Sokaogon Chippewa Community
In the early autumn when the leaves begin to change color, the Sokaogon Indians of Mole Lake make their way to Rice Lake, and one of the last remaining ancient wild rice beds in the state of Wisconsin. The annual harvest of wild rice, an essential part of the Indian diet, has altered very little in the hundreds of years that the Sokaogon have lived here.
Family clans migrated from eastern Canada to Madeline Island a thousand years ago, led by a vision that their journey would end in a land where the "food grows on water" --Manomin or wild rice. The Sokaogon band's journey ended here in this area of abundant wild rice. Competition from the Sioux resulted in the Battle of Mole Lake in 1806. Today there stands a marker on Highway 55 in the Village of Mole Lake to mark the battleground where more than 500 warriors were slain in fierce hand-to-hand battle.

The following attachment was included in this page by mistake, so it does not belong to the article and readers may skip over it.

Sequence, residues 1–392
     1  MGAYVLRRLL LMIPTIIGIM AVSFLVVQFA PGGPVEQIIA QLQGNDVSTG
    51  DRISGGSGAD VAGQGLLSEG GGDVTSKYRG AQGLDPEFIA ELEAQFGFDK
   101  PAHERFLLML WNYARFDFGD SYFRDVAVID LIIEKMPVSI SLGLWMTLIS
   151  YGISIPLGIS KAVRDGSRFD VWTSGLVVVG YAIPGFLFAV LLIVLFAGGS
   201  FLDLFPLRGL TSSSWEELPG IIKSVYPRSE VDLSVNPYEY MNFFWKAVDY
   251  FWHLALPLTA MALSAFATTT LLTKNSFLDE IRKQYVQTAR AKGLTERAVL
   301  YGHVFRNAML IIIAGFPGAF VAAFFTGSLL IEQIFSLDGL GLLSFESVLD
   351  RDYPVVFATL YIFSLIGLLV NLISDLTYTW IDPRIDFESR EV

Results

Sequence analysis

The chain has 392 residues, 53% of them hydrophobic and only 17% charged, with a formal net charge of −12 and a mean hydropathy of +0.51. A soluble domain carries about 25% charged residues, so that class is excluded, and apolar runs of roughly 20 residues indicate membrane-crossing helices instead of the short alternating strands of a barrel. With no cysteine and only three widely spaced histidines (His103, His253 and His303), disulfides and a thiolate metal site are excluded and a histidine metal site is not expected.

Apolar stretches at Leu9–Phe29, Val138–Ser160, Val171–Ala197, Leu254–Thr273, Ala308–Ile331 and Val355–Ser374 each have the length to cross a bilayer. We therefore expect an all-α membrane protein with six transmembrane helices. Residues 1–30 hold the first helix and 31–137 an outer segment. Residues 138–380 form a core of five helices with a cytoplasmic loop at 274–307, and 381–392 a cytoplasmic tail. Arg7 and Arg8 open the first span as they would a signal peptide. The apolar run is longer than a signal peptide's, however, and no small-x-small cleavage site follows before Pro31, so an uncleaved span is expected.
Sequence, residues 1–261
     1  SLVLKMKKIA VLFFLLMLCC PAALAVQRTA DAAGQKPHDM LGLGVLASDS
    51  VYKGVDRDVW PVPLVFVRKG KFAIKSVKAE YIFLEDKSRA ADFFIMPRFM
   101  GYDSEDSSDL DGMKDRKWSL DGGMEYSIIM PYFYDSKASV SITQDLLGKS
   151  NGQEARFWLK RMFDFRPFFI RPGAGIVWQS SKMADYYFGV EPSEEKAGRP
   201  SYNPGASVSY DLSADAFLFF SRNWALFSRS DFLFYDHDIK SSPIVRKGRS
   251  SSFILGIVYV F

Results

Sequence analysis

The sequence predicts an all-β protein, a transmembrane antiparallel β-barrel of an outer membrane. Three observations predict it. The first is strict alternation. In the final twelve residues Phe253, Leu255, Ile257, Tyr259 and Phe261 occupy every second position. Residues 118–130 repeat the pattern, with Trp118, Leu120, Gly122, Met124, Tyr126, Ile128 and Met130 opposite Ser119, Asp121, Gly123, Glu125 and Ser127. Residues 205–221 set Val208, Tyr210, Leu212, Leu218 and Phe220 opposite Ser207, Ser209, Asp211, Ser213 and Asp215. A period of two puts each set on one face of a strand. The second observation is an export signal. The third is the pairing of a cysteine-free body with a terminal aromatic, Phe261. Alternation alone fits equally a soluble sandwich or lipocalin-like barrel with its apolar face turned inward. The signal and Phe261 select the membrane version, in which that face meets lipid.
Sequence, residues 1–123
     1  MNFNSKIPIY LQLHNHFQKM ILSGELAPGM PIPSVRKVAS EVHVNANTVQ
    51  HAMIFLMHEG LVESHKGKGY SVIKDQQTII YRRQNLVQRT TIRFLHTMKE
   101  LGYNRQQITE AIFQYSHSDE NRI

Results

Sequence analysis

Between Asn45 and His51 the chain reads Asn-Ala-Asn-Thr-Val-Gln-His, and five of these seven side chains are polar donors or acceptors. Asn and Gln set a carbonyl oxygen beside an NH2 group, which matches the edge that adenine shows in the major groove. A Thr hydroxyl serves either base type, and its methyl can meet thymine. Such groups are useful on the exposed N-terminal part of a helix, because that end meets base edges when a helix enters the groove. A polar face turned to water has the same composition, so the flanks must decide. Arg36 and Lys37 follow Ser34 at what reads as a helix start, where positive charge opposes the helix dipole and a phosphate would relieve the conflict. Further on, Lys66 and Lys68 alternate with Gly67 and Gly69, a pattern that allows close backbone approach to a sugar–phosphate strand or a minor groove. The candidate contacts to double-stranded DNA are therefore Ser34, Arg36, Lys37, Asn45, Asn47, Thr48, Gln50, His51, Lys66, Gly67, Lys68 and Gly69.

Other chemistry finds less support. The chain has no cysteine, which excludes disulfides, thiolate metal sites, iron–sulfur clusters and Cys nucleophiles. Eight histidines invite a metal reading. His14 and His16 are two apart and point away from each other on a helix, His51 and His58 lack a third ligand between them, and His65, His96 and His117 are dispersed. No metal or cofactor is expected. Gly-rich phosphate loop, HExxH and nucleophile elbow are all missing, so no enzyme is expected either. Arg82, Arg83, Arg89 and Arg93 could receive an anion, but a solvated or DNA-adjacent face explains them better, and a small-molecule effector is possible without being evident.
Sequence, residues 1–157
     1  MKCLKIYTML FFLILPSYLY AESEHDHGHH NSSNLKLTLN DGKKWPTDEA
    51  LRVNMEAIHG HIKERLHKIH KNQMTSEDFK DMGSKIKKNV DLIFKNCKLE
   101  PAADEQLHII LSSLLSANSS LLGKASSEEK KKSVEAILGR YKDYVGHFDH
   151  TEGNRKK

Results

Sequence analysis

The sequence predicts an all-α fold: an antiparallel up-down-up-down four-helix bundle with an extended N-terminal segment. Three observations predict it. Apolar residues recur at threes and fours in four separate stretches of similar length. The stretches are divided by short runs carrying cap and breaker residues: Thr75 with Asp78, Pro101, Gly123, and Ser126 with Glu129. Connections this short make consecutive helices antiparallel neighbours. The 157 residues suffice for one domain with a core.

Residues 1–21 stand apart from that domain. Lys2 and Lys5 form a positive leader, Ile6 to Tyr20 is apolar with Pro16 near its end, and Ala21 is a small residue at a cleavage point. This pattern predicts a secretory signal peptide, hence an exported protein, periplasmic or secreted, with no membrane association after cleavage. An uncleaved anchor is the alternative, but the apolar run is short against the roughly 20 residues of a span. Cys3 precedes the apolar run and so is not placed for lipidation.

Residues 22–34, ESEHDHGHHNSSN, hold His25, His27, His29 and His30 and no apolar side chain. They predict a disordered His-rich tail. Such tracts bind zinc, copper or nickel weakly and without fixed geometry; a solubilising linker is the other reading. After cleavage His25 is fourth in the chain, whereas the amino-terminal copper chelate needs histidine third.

Sokaogon means "Post in the Lake" people, because of a spiritual significance of a post -- possibly the remains of a petrified tree - that stood in Post Lake nearby. The Sokaogon Ojibwe are also known as the Lost Tribe because the legal title to the 12 mile square reservation from the treaty of 1854 was lost in a shipwreck on Lake Superior. The band, under the leadership of Chief Willard Ackley, finally and after a long struggle, received federal recognition and reservation status in 1937. The Sokaogon (Mole Lake) Band enjoys three beautiful lakes either on or adjacent to the small reservation: Mole Lake, Bishop Lake, and Rice Lake which lies at the headwaters of the Wolf River.
The Mole Lake Casinos and Bingo are located seven miles south of Crandon on Highway 55 an 30 miles east of Rhinelander. The Mole Lake Smokeshop includes a Native American supplied gift shop.
The Mole Lake area boasts hundreds of miles of snowmobile trails, as well as hiking and mountain biking trails, ATV trails, and cross-country ski trails. There are over 800 lakes, 82 trout streams and 400,000 acres of public wilderness land teeming with wildlife in the vicinity. If you are looking for bald eagles, they are easy to spot soaring above the village of Mole Lake and nearby lakes and streams.